“Dear Colleague” Letter Addresses Disclosure of Student Medical Records

On August 18, 2015, the Department of Education issued a Dear Colleague letter to reiterate the Department’s views on the limits that the Family Educational Rights and Privacy Act (“FERPA”) places on an institution’s ability to access and disclose a student’s medical records. Among other topics covered in the letter, the Department provided guidance on the disclosure of student medical records to university officials (including counsel) and courts in the context of litigation between the institution and the student, without first obtaining the student’s consent or a court order.

In short, the Department views FERPA protections for student medical records as similar to the protections provided to patient records under the Health Insurance Portability and Accountability Act (“HIPAA”) in cases of litigation between the medical provider and a patient. That is, absent the student’s consent or a court order, the Department would consider disclosure of student medical records to others, including to counsel or to a court, to be impermissible unless the litigation itself directly related to the underlying medical treatment and/or payment for such treatment. Further, even if disclosure were permitted under this exception, the institution may disclose only those medical records “relevant and necessary” in the litigation.

The Dear Colleague letter also reiterated that student consent is not required in cases of disclosure by an institution to “appropriate parties” if the student poses a threat to self or others.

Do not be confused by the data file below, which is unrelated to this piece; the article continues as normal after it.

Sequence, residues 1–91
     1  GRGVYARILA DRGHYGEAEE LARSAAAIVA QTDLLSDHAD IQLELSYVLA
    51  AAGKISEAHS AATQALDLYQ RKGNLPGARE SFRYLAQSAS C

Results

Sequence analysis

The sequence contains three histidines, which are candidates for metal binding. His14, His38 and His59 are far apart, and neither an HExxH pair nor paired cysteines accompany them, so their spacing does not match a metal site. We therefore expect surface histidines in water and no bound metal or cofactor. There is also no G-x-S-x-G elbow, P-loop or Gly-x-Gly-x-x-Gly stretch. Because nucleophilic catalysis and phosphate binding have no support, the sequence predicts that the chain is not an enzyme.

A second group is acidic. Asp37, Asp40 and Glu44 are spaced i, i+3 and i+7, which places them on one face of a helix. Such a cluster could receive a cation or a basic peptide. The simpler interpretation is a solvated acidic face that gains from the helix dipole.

Client Tip: Institutions should review and, as appropriate, update their policies on access to student medical records. Where litigation between an institution and a student occurs, the institution should continue to safeguard the confidentiality of the student’s medical records and avoid overbroad disclosures

Robert Young advises businesses, municipalities, educational institutions, and non-profit organizations on a broad range of employment matters. He defends these clients against a variety of claims, including discrimination and retaliation, non-competition, trade secrets, and wage-and-hour matters. He has litigated disputes in state and federal courts, as well as administrative agencies. He counsels clients in matters outside of litigation, including the negotiation of agreements, medical leaves, and accommodation requests, as well as employee discipline and termination matters. In addition, he conducts internal investigations on behalf of clients, including alleged harassment, whistleblower, and other employee claims.

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